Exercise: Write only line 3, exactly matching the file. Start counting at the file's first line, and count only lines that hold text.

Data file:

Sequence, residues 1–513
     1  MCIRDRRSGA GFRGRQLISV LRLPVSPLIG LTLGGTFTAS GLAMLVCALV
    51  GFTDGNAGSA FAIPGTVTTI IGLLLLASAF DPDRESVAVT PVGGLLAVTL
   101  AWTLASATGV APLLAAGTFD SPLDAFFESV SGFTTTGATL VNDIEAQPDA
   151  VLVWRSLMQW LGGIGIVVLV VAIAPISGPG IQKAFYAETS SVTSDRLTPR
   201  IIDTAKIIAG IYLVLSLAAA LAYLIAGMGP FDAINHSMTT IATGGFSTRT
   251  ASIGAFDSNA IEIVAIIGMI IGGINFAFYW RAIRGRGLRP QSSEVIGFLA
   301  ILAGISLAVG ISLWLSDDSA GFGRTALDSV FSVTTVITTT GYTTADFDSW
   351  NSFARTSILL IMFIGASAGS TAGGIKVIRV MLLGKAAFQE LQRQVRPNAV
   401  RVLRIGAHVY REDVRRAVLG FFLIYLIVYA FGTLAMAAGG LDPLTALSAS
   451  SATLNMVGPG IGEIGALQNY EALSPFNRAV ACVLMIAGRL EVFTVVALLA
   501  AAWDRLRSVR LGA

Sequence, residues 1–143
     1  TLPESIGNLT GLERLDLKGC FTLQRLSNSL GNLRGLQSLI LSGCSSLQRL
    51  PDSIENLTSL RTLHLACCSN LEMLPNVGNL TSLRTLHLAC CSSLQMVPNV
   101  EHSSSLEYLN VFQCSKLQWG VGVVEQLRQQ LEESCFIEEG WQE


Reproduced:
    51  GFTDGNAGSA FAIPGTVTTI IGLLLLASAF DPDRESVAVT PVGGLLAVTL